UPDATE 1-Citi eyes sale of Egyptian drugmaker Amoun-sources

Wed Oct 20, 2010 3:02pm EDT

* Citi, Capital Group, Concord poised to hire Goldman

* Trio bought generic drugmaker in 2006 for about $450 mln (Adds context on Biofarma, likely bidders, market forecast, byline)

By Quentin Webb

LONDON, Oct 20 (Reuters) - Citigroup Inc's (C.N) venture capital arm and two other investors are planning to sell Amoun, one of Egypt's biggest drugmakers, three people familiar with the matter said on Wednesday.

The owners -- Citi Venture Capital International (CVCI), together with the emerging-markets focused private equity arm of the Capital Group Cos Inc, and Concord International Investments -- are close to hiring Goldman Sachs (GS.N) to run the sale, the people said.

The trio bought Amoun, which makes off-patent branded drugs, for about $450 million in 2006. One of the people said it could now be worth roughly $1 billion.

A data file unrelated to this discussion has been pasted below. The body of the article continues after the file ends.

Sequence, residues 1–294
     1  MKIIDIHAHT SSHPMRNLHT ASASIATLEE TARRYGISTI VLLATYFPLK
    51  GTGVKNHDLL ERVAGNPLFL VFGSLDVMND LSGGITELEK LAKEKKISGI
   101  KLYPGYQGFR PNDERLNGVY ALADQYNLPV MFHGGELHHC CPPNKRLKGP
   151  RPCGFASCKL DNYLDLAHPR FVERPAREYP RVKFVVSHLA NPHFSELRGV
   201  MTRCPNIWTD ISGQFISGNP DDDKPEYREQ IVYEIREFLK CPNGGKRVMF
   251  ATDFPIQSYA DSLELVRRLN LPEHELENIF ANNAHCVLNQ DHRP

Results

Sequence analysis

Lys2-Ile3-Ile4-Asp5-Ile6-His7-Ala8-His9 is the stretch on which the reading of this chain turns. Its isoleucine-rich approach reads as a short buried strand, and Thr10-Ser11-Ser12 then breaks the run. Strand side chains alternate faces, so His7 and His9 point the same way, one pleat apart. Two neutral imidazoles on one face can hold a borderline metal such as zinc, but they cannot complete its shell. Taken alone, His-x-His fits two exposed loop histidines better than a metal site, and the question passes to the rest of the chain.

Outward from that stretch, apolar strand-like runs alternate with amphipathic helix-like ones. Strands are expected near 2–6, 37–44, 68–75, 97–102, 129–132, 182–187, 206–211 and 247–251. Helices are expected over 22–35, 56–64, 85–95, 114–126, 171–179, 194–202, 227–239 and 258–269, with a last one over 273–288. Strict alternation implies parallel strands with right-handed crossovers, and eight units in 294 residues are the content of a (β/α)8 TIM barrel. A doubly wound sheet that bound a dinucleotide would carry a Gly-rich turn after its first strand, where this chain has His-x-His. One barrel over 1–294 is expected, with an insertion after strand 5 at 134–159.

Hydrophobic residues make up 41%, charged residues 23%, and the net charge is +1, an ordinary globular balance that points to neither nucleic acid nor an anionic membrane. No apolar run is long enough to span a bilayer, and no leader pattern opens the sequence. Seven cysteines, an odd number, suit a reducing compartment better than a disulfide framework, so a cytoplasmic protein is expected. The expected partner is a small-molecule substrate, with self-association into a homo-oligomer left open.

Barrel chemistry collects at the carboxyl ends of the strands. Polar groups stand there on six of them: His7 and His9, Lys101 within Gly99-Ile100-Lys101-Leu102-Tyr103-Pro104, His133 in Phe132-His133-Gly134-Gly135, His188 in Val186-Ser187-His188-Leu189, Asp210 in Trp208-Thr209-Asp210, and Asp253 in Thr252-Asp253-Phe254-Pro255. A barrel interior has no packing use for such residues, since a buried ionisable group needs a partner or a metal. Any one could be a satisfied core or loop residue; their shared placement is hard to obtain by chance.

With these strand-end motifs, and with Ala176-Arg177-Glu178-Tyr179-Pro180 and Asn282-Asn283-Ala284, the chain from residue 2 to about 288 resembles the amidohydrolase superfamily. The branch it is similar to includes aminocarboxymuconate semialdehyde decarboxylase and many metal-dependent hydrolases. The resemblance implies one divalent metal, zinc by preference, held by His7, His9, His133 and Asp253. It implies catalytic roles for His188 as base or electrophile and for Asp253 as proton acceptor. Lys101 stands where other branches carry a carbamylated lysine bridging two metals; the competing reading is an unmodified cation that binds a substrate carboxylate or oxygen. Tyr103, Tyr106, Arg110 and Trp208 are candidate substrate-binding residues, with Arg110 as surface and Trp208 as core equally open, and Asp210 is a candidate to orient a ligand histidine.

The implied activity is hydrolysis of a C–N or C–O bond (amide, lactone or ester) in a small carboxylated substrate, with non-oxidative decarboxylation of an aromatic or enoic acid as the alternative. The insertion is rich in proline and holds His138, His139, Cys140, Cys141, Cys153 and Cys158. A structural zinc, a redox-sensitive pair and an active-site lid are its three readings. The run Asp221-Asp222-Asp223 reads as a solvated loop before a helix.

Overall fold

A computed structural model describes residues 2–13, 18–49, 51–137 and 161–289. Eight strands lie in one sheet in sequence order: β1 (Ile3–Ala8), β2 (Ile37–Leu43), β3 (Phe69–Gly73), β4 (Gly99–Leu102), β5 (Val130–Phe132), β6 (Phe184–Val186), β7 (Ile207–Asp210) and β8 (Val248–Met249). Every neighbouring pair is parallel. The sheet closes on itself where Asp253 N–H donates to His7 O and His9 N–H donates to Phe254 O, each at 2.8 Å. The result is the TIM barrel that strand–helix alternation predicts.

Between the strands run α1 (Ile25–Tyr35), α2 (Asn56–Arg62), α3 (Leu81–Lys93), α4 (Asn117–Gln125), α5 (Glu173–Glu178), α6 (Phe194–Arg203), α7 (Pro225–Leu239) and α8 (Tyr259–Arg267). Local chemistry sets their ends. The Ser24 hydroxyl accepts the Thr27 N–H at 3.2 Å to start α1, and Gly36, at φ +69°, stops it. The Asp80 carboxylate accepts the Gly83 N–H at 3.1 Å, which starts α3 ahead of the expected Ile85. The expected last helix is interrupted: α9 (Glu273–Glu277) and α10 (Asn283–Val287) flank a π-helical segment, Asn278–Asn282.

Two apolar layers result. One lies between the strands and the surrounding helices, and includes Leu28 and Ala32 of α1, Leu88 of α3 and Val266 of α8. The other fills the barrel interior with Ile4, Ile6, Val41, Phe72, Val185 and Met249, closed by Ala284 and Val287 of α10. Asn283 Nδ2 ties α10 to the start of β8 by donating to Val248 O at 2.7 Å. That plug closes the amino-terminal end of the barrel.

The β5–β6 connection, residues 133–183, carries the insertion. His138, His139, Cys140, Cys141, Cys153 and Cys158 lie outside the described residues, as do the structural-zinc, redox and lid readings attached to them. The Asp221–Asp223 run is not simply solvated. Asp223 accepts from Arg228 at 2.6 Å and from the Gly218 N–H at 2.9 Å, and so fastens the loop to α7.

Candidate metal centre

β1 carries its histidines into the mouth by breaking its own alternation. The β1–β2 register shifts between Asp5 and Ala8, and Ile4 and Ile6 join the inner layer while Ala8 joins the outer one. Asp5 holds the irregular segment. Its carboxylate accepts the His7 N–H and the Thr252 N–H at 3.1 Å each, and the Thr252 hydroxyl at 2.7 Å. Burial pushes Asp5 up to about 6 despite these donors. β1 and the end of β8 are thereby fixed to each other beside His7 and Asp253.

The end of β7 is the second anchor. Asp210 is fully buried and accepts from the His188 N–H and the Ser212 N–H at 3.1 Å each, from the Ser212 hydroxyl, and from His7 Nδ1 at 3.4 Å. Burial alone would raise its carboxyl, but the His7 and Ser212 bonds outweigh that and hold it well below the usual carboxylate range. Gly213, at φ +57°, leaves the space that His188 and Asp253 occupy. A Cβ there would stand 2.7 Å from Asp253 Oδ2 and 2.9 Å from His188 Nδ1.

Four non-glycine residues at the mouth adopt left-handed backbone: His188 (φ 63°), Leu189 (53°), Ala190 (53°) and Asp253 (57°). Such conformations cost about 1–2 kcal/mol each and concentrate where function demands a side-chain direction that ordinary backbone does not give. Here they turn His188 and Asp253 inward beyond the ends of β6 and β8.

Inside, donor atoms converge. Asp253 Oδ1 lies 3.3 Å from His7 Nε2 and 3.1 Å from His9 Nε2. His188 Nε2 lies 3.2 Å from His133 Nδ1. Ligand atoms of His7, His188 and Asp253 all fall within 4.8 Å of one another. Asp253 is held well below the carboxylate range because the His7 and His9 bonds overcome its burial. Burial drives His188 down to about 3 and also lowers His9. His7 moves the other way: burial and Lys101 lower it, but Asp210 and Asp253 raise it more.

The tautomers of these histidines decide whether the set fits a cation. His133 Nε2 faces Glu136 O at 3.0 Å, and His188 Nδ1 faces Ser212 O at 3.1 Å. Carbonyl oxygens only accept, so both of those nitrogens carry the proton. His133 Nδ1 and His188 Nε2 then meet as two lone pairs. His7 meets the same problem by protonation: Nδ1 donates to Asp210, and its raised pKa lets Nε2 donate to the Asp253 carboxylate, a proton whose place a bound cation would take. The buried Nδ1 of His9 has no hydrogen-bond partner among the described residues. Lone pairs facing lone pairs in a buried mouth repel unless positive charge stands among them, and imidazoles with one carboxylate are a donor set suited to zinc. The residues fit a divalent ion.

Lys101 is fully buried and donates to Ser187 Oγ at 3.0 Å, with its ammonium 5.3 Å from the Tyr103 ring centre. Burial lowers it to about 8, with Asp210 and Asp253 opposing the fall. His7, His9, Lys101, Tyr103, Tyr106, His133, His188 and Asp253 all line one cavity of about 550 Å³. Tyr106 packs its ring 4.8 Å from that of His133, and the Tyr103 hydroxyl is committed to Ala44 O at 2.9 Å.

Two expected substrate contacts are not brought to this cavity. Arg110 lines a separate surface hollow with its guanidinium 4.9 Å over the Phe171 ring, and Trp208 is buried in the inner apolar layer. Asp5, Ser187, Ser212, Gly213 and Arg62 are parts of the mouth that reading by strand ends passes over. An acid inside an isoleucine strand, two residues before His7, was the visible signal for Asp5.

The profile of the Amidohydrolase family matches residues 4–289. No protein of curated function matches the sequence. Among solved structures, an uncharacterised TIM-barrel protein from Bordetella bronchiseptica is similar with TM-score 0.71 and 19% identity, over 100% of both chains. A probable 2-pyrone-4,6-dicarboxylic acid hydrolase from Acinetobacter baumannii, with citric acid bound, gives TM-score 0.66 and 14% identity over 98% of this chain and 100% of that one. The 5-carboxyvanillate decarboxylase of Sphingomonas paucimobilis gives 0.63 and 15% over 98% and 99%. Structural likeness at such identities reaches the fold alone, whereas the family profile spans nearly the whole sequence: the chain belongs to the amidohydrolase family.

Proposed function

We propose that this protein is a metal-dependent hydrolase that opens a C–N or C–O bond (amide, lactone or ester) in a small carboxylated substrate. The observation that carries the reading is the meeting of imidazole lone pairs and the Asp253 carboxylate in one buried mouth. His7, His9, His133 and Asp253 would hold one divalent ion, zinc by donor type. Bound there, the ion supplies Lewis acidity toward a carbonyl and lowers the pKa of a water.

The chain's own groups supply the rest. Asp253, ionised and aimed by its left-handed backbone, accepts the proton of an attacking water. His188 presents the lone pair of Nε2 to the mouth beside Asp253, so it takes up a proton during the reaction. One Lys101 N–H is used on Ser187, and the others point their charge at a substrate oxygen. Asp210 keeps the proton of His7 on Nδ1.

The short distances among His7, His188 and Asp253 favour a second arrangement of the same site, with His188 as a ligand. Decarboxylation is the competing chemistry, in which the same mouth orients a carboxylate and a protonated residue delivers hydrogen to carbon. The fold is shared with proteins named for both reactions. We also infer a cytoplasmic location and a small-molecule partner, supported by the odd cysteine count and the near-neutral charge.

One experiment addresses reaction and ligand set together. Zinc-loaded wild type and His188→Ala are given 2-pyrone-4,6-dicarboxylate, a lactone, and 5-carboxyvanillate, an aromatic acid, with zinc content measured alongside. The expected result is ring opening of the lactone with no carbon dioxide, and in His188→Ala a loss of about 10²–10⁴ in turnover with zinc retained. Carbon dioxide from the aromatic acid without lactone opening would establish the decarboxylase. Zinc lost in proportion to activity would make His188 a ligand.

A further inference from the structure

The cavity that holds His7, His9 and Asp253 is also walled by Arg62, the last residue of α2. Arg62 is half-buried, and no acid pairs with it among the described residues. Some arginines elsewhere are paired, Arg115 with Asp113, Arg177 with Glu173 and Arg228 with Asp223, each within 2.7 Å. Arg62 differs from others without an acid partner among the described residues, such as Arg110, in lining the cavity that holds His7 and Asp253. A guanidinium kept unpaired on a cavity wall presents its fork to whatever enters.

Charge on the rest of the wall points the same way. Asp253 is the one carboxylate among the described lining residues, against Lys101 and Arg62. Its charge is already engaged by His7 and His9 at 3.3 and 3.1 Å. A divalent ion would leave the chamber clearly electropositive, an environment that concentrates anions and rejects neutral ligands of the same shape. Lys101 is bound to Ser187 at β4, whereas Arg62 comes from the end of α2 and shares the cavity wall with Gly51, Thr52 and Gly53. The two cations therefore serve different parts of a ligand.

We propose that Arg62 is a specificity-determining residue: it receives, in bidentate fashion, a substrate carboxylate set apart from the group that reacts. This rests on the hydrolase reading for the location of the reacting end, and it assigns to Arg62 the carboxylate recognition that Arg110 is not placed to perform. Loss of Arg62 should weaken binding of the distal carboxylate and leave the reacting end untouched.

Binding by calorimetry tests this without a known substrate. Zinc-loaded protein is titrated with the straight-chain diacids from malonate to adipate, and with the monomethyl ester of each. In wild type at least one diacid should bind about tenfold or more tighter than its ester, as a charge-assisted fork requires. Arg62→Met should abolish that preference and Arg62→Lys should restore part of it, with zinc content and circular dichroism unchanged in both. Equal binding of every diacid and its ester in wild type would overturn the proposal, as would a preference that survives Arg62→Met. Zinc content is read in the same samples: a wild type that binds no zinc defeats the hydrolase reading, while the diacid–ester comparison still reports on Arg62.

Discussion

An Amoun spokeswoman did not immediately respond to an emailed request for comment outside Egyptian business hours. Citigroup and Concord had no immediate comment. A spokeswoman for Capital Group said it did not comment on its investments. Goldman declined to comment.

News of a potential sale comes days after people familiar with the matter said another CVCI-led consortium was seeking to sell a second generic drugmaker, Turkey's Biofarma. That could also be worth nearly $1 billion. [ID:nLDE69B0PP]

Major pharmaceutical companies, seeking to avert a steep drop-off in revenues as blockbuster drugs lose patents, are keen to expand in both copycat drugs and in faster-growing markets.

Major players such as Abbott Laboratories (ABT.N) and Pfizer Inc (PFE.N) of the United States, France's Sanofi-Aventis SA (SASY.PA), and Sandoz, the generics unit of Novartis (NOVN.VX), could consider bids for Amoun.

A report in May by Business Monitor International forecast pharmaceutical spending in Egypt would grow 11.4 percent a year between 2009 and 2014, to hit $4.2 billion, and would rise at 9.2 percent annually for the rest of the decade. (Reporting by Quentin Webb; Editing by Elaine Hardcastle and Richard Chang)

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